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Long cylinder of an ice core
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What are ice cores? A history of Earth’s climate

Glacier ice, which can be tens of thousands of years old, traps whatever is in the atmosphere as it forms, freezing and preserving these clues in new layers each year. Discover what paleoclimatologists Lonnie Thompson and Ellen Mosley-Thompson have found so far.

Glacier ice, which can be tens of thousands of years old, traps whatever is in the atmosphere as it forms, freezing and preserving these clues in new layers each year. Discover what paleoclimatologists Lonnie Thompson and Ellen Mosley-Thompson have found so far.

 

1. Greenhouse gases 

Gases that cause climate change are trapped in air bubbles in the ice. By studying the ice, scientists can see how gas concentrations have changed over time. Ice cores show that carbon dioxide levels began rising right after the start of the Industrial Revolution and have continued rising ever since.

2. Volcanic eruptions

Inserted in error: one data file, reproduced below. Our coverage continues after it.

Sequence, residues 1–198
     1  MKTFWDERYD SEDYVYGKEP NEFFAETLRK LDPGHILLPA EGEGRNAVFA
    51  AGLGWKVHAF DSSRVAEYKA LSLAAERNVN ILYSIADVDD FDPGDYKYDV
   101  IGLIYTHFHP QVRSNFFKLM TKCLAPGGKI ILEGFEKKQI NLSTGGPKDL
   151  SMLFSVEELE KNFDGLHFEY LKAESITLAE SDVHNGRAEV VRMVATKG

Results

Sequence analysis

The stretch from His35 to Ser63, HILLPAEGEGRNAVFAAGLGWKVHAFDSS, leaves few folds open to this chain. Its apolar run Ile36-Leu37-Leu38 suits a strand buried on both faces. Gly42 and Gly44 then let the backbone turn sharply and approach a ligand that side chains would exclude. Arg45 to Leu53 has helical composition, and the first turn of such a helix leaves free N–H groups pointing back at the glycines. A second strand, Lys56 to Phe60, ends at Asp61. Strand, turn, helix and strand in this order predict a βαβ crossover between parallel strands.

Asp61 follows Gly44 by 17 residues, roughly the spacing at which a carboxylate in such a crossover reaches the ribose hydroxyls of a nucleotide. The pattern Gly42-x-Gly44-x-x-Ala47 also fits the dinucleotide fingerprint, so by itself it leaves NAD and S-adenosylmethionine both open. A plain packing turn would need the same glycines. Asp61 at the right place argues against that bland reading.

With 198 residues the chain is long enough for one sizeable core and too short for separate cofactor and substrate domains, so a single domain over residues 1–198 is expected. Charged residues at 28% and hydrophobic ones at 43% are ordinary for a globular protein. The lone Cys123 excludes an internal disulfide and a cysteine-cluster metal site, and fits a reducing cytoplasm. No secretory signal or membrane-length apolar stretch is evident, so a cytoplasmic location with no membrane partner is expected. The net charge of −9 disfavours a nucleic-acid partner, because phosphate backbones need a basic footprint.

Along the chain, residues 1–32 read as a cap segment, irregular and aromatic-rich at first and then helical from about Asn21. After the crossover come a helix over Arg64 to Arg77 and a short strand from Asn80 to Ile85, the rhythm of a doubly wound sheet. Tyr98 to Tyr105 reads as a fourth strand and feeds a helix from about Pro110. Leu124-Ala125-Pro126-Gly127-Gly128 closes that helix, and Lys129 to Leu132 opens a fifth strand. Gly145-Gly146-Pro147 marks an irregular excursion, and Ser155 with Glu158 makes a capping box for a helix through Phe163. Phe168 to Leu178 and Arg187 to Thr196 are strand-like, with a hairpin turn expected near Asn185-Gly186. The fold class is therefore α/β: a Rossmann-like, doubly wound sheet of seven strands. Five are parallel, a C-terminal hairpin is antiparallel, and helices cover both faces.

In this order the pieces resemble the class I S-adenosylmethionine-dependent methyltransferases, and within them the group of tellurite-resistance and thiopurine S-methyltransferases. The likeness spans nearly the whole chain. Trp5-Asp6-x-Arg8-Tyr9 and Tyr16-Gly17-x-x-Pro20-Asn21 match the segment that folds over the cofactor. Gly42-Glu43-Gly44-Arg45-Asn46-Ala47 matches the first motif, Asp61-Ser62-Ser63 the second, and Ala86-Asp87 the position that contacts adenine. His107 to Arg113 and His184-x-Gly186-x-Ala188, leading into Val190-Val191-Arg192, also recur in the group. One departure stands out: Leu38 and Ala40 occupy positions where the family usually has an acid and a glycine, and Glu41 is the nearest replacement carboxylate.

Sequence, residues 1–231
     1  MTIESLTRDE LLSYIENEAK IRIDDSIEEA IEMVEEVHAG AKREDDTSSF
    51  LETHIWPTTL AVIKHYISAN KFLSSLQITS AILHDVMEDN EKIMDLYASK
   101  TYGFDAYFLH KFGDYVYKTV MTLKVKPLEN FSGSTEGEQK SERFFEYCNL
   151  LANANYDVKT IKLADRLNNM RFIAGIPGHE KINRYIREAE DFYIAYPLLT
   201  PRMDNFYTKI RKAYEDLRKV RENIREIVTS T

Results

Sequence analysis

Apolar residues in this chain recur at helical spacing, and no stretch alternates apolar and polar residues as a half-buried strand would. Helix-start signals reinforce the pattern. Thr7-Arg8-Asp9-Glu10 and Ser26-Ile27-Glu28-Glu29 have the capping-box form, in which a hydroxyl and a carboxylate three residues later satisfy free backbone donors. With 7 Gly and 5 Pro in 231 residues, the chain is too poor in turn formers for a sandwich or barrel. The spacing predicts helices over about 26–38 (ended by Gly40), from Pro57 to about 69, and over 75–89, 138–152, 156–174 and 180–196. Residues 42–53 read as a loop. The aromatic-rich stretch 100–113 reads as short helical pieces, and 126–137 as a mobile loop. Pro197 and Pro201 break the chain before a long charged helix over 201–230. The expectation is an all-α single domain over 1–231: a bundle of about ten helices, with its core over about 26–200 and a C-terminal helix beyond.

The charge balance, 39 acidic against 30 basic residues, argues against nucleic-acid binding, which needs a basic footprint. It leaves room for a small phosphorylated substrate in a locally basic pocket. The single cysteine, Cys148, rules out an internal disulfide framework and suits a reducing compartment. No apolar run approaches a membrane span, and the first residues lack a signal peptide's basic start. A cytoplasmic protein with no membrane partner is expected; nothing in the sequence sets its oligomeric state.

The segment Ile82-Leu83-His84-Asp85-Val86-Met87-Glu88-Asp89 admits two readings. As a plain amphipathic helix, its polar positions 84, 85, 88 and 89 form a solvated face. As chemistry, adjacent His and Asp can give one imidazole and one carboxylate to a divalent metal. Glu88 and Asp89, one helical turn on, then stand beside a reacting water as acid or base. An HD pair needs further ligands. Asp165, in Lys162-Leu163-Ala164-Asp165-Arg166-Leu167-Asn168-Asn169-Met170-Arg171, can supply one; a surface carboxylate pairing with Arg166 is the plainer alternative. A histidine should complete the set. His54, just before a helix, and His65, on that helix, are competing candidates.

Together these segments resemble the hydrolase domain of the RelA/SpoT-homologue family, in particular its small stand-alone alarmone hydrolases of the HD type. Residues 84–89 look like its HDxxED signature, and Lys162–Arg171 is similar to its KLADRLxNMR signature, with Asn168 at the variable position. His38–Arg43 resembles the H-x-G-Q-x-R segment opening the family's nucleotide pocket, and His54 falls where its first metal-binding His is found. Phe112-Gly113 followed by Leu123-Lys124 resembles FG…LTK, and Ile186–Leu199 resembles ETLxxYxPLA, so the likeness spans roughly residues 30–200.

When volcanoes erupt, they spew ash and sulfate aerosols into the atmosphere, where winds carry them around the globe, depositing some in that year’s ice. Sulfate concentrations in ice cores can provide a timeline of volcanic eruptions.

3. Oxygen isotopic ratio 

This primary indicator of temperature when a particular section of ice formed helps scientists determine how Earth’s atmospheric temperature has changed over centuries.

4. Black carbon 

When wildfires burn trees and plants, they release black carbon into the air. Some carbon ends up being trapped in ice, leaving a chronology of fires that occurred near the glacier.

5. Cosmogenic nuclides

These are rare isotopes that form in the upper atmosphere when it is bombarded by cosmic rays from the sun. Cosmogenic nuclides are trapped in glacier ice; tracing them through an ice core allows scientists to chart changes in the sun’s energy output over time.

6. Insects 

Pieces of insects that lived when ice formed can become trapped in glaciers. Ohio State researchers recently proved that fragments from viruses nearly 15,000 years old survived in glacier ice from Tibet.

7. Dust

This indicates droughts and changes in agricultural activity. One core Thompson collected from Mount Kilimanjaro shows a thick black ring of dust from approximately 4,200 years ago, near the time of
a severe famine recorded on a pharaoh’s tomb.

8. Pollen 

Pollen indicates which plants once existed near the glaciers and how vegetation has changed in a certain region over centuries.

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